Jim appeared on the Russia Today financial program "Boom/Bust" on Thursday---but I had so many stories in my Friday column already---and I received the clip in the wee hours of Friday morning---I thought it best to wait until today's column when you may have more time on your hands to watch the whole thing.
The interviews starts on the topics mentioned in the headline above, but digresses a bit from there as the interview proceeds. The segment with Jim starts at the 4:35 minute mark and runs for about 8 minutes. It's certainly worth watching---and I thank reader Harold Jacobsen for sending it our way.
The digital “Bitcoin” has bit the dust at Mt. Gox Bitcoin Exchange; over $400 million US has evaporated, or perhaps moved into someone’s pocket. The news is all over the Internet these days.
“Digital money” is accepted world-wide. There exists only a remnant of fiat paper money which is increasingly and deliberately made more difficult to use and transport physically. The reason being, that digital transactions leave a trail of information which governments use to control the behavior of their subjects (we can hardly call them “citizens” any longer) whereas citizens using paper money in their dealings leave no trail.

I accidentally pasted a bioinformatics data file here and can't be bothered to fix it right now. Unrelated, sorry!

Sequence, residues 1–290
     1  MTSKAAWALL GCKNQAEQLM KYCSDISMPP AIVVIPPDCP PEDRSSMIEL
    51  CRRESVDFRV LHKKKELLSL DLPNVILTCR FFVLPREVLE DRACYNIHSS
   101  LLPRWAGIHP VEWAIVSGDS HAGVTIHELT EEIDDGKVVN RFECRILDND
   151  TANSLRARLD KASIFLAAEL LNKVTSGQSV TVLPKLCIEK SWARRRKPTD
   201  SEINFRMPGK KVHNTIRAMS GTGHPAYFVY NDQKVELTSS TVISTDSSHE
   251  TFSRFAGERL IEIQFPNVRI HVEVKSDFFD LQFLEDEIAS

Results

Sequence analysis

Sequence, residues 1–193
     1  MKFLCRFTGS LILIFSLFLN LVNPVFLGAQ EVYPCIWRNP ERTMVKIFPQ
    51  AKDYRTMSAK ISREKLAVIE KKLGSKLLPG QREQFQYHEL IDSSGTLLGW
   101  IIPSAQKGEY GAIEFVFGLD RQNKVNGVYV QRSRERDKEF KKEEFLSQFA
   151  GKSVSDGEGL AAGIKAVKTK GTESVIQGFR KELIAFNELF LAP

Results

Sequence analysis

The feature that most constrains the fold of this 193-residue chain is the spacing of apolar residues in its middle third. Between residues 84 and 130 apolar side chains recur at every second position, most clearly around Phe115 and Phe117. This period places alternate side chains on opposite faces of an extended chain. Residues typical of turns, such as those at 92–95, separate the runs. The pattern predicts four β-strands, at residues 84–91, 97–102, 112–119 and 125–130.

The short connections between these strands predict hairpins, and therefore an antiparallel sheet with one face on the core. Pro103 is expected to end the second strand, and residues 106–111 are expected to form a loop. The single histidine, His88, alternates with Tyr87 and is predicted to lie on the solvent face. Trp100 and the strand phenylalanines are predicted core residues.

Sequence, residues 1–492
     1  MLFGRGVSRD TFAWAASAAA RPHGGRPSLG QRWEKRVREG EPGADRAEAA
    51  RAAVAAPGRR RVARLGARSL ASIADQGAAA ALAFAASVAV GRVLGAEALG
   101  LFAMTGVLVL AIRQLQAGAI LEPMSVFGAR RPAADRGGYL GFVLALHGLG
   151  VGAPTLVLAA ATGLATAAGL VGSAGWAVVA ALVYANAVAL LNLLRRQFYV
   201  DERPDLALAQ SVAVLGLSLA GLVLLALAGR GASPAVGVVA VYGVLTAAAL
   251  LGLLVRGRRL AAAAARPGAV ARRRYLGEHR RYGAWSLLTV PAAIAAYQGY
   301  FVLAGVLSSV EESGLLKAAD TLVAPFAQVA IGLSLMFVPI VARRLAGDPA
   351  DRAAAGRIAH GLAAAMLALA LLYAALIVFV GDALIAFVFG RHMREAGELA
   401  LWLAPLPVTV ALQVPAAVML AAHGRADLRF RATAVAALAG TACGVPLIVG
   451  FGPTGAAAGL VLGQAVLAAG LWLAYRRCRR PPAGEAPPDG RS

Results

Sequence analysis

A bank in Mexico, of which I have personal knowledge, receives millions in dollar bills every week in thousands of individual money-exchange transactions. This presents a problem for the bank. Why? Because not one bank in the US will accept these dollar bills (mostly twenties) for credit to the Mexican bank’s account.
Only the long-established Mexican banks can remit their dollar bills for credit to the US, and then, only to Bank of America. The bank of which I speak is relatively new – though it has well over 12 million individual account holders - and Bank of America will not receive dollar bills from it. Other Mexican banks of recent creation are in the same fix.
This excellent commentary by Hugo was posted on the plata.com.mx Internet site on Tuesday---and I thank U.K. reader Tariq Khan for sharing it with us.
Yesterday, gold researcher and GATA consultant Koos Jansen published an English translation of another remarkable commentary by a Chinese market analyst, newsletter editor, and consultant to the China Gold Association, Zhang Jie.
Zhang's commentary, written last year, asserts:
-- China, like Germany, has stored gold at the Federal Reserve Bank of New York but cannot try to repatriate it without risking "a tremendous confrontation."